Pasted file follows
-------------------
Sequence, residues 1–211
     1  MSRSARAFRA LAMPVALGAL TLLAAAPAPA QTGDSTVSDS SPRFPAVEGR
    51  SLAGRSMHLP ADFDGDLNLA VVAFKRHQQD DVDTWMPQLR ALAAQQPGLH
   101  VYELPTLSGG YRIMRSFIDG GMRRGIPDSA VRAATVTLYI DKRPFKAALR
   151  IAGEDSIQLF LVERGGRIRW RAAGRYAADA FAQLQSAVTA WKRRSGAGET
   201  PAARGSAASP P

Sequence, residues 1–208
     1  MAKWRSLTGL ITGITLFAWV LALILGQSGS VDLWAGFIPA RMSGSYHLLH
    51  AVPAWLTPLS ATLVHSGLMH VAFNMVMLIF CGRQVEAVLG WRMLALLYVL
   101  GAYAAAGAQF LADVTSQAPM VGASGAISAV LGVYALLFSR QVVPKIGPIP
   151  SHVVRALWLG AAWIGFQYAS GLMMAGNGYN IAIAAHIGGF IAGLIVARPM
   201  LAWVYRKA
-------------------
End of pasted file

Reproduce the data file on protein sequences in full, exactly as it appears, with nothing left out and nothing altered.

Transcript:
Sequence, residues 1–211
     1  MSRSARAFRA LAMPVALGAL TLLAAAPAPA QTGDSTVSDS SPRFPAVEGR
    51  SLAGRSMHLP ADFDGDLNLA VVAFKRHQQD DVDTWMPQLR ALAAQQPGLH
   101  VYELPTLSGG YRIMRSFIDG GMRRGIPDSA VRAATVTLYI DKRPFKAALR
   151  IAGEDSIQLF LVERGGRIRW RAAGRYAADA FAQLQSAVTA WKRRSGAGET
   201  PAARGSAASP P

Sequence, residues 1–208
     1  MAKWRSLTGL ITGITLFAWV LALILGQSGS VDLWAGFIPA RMSGSYHLLH
    51  AVPAWLTPLS ATLVHSGLMH VAFNMVMLIF CGRQVEAVLG WRMLALLYVL
   101  GAYAAAGAQF LADVTSQAPM VGASGAISAV LGVYALLFSR QVVPKIGPIP
   151  SHVVRALWLG AAWIGFQYAS GLMMAGNGYN IAIAAHIGGF IAGLIVARPM
   201  LAWVYRKA